Thursday, May 15, 2014
Review: The Diving Bell and the Butterfly by Jean-Dominique Bauby
The Diving Bell and the Butterfly: A Memoir of Life in Death
First line: Through the frayed curtain at my window, a wan glow announces the break of day. My heels hurt, my head weighs a ton, and something like a giant invisible diving bell holds my whole body prisoner.
Jean-Dominique was the editor of French Elle. Then, when he was 43, he had a massive stroke that left him unable to move anything other than a few muscles in his face but with his mind intact, a condition known as Locked In Syndrome. Over the course of several months, by blinking just his left eyelid, he wrote this book. The book offers readers a rare glimpse into a mind that still works in a body that doesn't, a helpless bystander to his medical care, and a man who had lived fully who is now barely living.
Wow. This is really a slim volume. It took me a while to read, but I think that's more of a reflection of the fact that it begs not to be rushed. If you rush, you miss it. So much of the book is quiet moments, moments in which his mind takes flight in memory or imagination.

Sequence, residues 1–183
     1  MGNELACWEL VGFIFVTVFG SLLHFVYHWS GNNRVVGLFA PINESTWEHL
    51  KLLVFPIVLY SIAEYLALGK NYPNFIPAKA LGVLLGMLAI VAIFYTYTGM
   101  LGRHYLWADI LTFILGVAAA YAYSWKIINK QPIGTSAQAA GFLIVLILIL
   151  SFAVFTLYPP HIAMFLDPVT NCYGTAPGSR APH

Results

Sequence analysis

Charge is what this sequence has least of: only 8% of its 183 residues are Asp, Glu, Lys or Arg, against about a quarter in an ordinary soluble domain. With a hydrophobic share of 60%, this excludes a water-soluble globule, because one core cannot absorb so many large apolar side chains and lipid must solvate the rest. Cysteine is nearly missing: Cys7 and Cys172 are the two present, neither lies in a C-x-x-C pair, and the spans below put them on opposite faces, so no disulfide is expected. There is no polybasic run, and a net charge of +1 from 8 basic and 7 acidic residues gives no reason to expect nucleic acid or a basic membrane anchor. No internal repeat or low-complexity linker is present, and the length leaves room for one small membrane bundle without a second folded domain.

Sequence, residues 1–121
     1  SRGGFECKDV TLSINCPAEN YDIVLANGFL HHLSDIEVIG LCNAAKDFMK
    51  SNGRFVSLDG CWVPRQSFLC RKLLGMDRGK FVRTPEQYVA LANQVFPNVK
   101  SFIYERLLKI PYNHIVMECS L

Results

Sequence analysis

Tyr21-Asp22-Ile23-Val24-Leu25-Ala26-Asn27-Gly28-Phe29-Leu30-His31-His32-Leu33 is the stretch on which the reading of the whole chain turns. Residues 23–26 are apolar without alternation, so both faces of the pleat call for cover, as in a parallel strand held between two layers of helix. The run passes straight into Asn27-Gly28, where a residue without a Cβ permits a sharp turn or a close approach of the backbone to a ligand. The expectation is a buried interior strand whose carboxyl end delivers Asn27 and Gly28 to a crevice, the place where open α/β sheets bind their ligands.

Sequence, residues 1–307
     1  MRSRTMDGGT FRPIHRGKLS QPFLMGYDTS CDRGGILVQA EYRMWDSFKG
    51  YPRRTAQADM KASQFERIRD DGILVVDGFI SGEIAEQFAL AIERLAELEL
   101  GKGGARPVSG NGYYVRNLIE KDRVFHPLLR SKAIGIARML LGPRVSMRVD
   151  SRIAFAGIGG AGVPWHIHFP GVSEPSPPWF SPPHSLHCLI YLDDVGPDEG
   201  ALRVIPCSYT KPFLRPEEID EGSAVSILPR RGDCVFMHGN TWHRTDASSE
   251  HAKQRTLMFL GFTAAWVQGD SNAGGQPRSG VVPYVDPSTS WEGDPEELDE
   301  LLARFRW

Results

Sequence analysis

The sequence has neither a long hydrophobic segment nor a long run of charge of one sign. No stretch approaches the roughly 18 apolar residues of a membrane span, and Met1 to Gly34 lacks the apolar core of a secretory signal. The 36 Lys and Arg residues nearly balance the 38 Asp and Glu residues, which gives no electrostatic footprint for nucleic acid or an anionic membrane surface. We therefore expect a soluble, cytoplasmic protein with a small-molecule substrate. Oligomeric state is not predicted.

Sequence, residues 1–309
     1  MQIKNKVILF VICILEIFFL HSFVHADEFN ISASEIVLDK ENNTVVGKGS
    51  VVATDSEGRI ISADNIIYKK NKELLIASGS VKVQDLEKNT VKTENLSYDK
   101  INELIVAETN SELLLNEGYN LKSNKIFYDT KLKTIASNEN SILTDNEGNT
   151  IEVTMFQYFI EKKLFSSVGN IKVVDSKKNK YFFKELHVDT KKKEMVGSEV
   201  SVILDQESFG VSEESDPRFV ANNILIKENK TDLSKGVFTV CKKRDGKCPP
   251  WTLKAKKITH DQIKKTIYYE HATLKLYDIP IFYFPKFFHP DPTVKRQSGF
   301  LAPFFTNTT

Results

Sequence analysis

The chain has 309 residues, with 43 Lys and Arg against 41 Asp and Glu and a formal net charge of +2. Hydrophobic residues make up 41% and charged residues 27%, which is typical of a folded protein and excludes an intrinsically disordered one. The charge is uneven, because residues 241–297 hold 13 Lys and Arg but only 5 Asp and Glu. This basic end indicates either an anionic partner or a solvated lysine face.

I think one of the things that impressed me most, other than the sheer tediousness of his mode of communication and that he was able to communicate the book to someone, was how little time he spent dwelling on his condition. It is more lyrical flights of fancy. A painting that transports him to another place. A memory. He did not want to die. He wanted to heal and live.
I can't wait to watch the movie. I'm curious how they did it.
It's interesting because I don't know that I would have liked Jean-Dominique Bauby had I met him pre-stroke, but I bet he was a great storyteller, the kind of person people gathered around at social gatherings, and he probably knew all the best restaurants and shops.
If you like this, you might also like 84, Charring Cross Road by Helene Hanff.
"Want to play hangman?" asks Theophile, and I ache to tell him that I have enough on my plate playing quadriplegic. But my communication system disqualifies repartee: the keenest rapier grows dull and falls flat when it takes several minutes to thrust it home. By the time you strike, even you no longer understand what had seemed so witty before you started to dictate it, letter by letter. So the rule is to avoid impulsive sallies. It deprives conversation of its sparkle, all those gems you bat back and forth like a ball--and I count this forced lack of humor one of the great drawbacks of my condition. (p.70-1)
Does the cosmos contain keys for opening my diving bell? A subway line with no terminus? A currency strong enough to buy my freedom back? We must keep looking. (p.131-2)